President of Guyana, Irfaan Ali on Friday welcomed a ruling handed down by the International Court of Justice (ICJ), which stated that it has jurisdiction to hear a dispute between Guyana and Venezuela over the demarcation of their land border, which may ultimately determine which has rights to offshore oil and gas fields.
“We have always stood together, we have always recognized together and demonstrated to the international community together that we are one and united not only on our sovereignty and borders. Today, this victory is no small victory. This victory is testimony to what we can achieve when we are united”, the President said.
Ali said when it comes to Guyana’s territorial integrity and sovereignty, there is no compromise.
The President, who praised Guyana’s legal team and the technical officers at the Ministry of Foreign Affairs for their work on the matter, said that he is convinced that Guyana will get a final judgment in its favor reinforcing the 1899 Arbitral award.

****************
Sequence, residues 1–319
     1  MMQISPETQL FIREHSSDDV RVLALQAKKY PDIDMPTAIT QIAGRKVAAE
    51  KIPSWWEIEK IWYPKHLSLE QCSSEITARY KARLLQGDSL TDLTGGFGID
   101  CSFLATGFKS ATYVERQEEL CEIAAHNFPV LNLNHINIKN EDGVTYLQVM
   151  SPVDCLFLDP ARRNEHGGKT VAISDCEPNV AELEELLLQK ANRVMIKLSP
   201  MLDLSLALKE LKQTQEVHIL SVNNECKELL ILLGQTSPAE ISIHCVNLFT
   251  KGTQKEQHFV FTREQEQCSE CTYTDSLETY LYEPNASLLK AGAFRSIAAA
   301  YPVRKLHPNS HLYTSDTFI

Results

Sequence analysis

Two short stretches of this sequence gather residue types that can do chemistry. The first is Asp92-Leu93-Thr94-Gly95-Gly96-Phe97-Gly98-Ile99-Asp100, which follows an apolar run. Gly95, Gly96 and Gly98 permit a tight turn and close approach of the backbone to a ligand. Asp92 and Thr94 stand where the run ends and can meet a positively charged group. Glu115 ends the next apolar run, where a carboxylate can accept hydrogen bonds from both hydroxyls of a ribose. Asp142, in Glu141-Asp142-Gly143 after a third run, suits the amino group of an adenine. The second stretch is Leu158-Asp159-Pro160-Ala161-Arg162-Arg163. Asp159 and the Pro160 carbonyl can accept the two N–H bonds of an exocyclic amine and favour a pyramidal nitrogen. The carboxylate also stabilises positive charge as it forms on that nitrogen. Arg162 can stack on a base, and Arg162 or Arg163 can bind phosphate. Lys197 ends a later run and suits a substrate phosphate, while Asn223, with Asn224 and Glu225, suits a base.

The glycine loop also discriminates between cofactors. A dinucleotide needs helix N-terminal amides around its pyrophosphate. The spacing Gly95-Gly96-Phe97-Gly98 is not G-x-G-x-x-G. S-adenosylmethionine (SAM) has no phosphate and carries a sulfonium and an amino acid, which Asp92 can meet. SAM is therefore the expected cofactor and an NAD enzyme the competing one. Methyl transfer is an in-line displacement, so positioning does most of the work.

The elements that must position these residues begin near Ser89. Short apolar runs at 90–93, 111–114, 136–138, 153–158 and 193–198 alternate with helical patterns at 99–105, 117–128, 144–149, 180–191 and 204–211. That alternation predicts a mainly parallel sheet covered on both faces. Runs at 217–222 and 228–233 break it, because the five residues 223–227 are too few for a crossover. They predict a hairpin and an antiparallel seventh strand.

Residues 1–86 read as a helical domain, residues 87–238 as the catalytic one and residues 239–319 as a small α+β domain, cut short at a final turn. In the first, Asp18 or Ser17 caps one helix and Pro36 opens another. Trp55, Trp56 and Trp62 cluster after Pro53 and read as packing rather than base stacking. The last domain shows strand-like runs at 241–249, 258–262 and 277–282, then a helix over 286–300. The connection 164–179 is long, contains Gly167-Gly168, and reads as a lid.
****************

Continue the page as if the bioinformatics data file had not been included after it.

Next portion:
“The Court’s decision means that international law can be brought to bear to ensure that Guyana’s patrimony is preserved. The law of nations can be allowed to prevail in the face of efforts that point in other directions. As a result of today’s ruling, the Court will now proceed to hear the merits of the case”.
Ali said Guyana will remain united as the case progresses before the International Court.
The matter was taken before the International Court back in 2018 under the David Granger administration.
On Friday, in a 12-4 decision, judges at the U.N. court, formally known as the International Court of Justice, found that they have jurisdiction to hear a suit brought by Guyana arguing the border was established by an 1899 arbitration between Venezuela and the then-colony of British Guiana.
Venezuela’s government had argued the international court had no jurisdiction and it prefers direct talks with Guyana over its claims to a huge, sparsely populated area west of the Essequibo River.
The court has not yet set a date for arguments on the merits of Guyana’s case.
The ICJ is the United Nations’ court for resolving disputes between states.